Women and Islam

Despite the various misconceptions and propaganda being spewed, the status of a Muslim woman is actually one that is equal.

It is a well-documented fact our beloved Prophet SAW took to the mimbar and spoke about the importance of women. He celebrated their uniqueness and applauded them for their contributions, hard work and strife in raising families as well as how they positively affected society as a whole. He strongly abhorred women being ill-treated and was an enforcer of their rights. After all, the first person to embrace Islam was a woman; Khadijah (R.A), the greatest scholar of Islam was Ayesha (R.A) and the person who loved the Prophet the most was a woman; Fatima (R.A). May Allah be pleased with them all, Ameen.

Islam honours women, yet in today’s western society, the image portrayed sees Muslim women as voiceless and veiled. Society often confuses what culture dictates with what Islam actually commands. At the end of the day, we need to ALWAYS look at what the Quraan and Hadith, plus the teachings of the Prophet SAW say and use that as a guideline.

Islam teaches us equality and this includes gender equality too. If we were not equal, then even the way we worship would have been intended to be different for men and women. Yet in the Quraan, Surah 9 Verse 71, Allah says

The men believers and the women believers are responsible for each other. They enjoin the good and forbid the evil, they observe prayers and give charitable alms and obey God and his Prophet.”

This verse clearly shows us that whether you are a man or a woman, your responsibility to uphold the Islamic teachings remains the same.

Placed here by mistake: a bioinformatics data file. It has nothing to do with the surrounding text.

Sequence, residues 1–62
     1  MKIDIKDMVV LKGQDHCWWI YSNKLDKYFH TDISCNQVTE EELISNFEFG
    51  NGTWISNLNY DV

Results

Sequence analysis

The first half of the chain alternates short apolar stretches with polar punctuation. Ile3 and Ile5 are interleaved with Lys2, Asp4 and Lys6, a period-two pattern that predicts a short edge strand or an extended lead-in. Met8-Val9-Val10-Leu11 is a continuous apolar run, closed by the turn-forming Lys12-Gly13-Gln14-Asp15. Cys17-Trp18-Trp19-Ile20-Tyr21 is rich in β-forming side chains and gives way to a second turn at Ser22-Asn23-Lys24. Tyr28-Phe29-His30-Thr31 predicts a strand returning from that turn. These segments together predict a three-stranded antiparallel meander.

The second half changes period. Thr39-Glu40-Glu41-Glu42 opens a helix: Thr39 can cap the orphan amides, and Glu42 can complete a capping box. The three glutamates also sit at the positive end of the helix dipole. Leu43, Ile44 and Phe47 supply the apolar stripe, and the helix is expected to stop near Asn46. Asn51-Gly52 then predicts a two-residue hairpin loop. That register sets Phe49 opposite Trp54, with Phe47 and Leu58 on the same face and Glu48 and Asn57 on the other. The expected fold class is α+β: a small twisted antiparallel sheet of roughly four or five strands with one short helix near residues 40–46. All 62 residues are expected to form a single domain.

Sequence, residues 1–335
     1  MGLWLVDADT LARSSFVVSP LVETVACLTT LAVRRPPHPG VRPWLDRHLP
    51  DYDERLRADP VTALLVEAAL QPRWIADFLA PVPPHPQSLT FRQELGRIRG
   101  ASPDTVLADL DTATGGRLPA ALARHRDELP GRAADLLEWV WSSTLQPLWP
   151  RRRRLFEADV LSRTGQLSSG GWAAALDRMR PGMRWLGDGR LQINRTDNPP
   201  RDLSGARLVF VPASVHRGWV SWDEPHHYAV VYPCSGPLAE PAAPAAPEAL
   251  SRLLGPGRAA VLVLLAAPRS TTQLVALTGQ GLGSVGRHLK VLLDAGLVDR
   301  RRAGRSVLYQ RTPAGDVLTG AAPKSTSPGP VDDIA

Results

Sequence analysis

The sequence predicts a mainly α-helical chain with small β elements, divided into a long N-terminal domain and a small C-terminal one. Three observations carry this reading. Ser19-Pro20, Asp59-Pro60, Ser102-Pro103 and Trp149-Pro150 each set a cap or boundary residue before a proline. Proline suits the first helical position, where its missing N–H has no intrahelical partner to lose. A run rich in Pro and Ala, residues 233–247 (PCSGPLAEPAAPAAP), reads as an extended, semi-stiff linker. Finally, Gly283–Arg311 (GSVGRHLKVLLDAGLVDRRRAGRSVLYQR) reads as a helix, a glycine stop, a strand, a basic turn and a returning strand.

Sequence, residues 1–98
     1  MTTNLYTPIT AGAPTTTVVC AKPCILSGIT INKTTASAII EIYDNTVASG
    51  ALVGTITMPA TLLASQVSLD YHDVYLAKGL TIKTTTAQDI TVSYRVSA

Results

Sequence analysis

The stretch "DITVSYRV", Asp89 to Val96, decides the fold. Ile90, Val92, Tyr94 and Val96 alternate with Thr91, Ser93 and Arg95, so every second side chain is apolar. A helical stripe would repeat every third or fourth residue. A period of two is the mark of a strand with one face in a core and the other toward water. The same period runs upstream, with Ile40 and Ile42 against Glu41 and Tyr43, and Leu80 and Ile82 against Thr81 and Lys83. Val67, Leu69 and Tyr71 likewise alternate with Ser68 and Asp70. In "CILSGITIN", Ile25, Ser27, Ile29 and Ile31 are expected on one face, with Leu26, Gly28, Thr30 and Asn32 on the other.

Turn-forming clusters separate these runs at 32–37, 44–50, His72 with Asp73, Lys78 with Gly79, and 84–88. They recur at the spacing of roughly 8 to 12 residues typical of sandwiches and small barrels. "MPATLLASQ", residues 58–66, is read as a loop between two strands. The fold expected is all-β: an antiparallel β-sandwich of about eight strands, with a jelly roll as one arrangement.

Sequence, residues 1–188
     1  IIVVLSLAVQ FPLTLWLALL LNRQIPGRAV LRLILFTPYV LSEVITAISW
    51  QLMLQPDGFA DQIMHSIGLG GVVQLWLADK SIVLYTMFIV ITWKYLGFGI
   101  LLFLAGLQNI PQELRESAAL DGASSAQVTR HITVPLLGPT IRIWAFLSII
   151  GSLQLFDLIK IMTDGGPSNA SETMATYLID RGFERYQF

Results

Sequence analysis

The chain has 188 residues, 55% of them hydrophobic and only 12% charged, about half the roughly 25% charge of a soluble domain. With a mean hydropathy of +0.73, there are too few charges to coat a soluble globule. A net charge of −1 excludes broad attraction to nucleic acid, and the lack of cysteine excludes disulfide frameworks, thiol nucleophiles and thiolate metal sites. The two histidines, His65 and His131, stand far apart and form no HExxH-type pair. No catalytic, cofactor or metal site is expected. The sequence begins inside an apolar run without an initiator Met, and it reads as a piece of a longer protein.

Islam teaches us that women can inherit, gain an education and own property. After all, the Prophet SAW himself married a businesswoman, Khadija (RA). Under Islamic laws, women also have the right to buy and sell property, run businesses, demand their dowry at any point during their marriage, vote and take an active part in all aspects of politics and society.

The Prophet SAW advocated for equal access to education and stated that “The pursuit of knowledge is a duty of every Muslim, man AND woman.” One the most notable examples of a highly educated woman back then would be Fatima (RA).

Today is National Women’s Day, a day celebrated in South Africa which commemorates the march to Parliament, led by a group of strong and resilient women demanding the right for women to vote. Their strength was in their numbers, their diversity and their common goal.

But when I look at Women’s Day, I not only see the plight of the South African woman, I see the plight of all women. More often than not society confuses culture with history and thrown into that mix is religion too. As a Muslim woman, I can’t help but see to it that I use my voice to speak up and speak for my Muslim sisters, many of whom are enduring hardships. More often than not, our Muslim sisters are given the short end of the stick. Western society’s portrayal of us doesn’t help either. Overcoming adversity can only be done, if we all do our part to educate and facilitate.

With that said, Happy Women’s Day to all you phenomenal women out there! And in the words of Mother Teressa, “I alone cannot change the world BUT I can cast a stone across the waters and cause many ripples.”

By Munira Allie
Project Manager by day, everything else all of the time. A wannabe baker and passionate chef who loves an adrenalin rush cos it makes me feel most alive. I love fast cars and daydream about superbikes. I have a predilection for all things nature and love capturing the Almighty’s majestic beauty even more. If I had a statement to describe my life it would be “she turned her can’t into can and her dreams into plans”.


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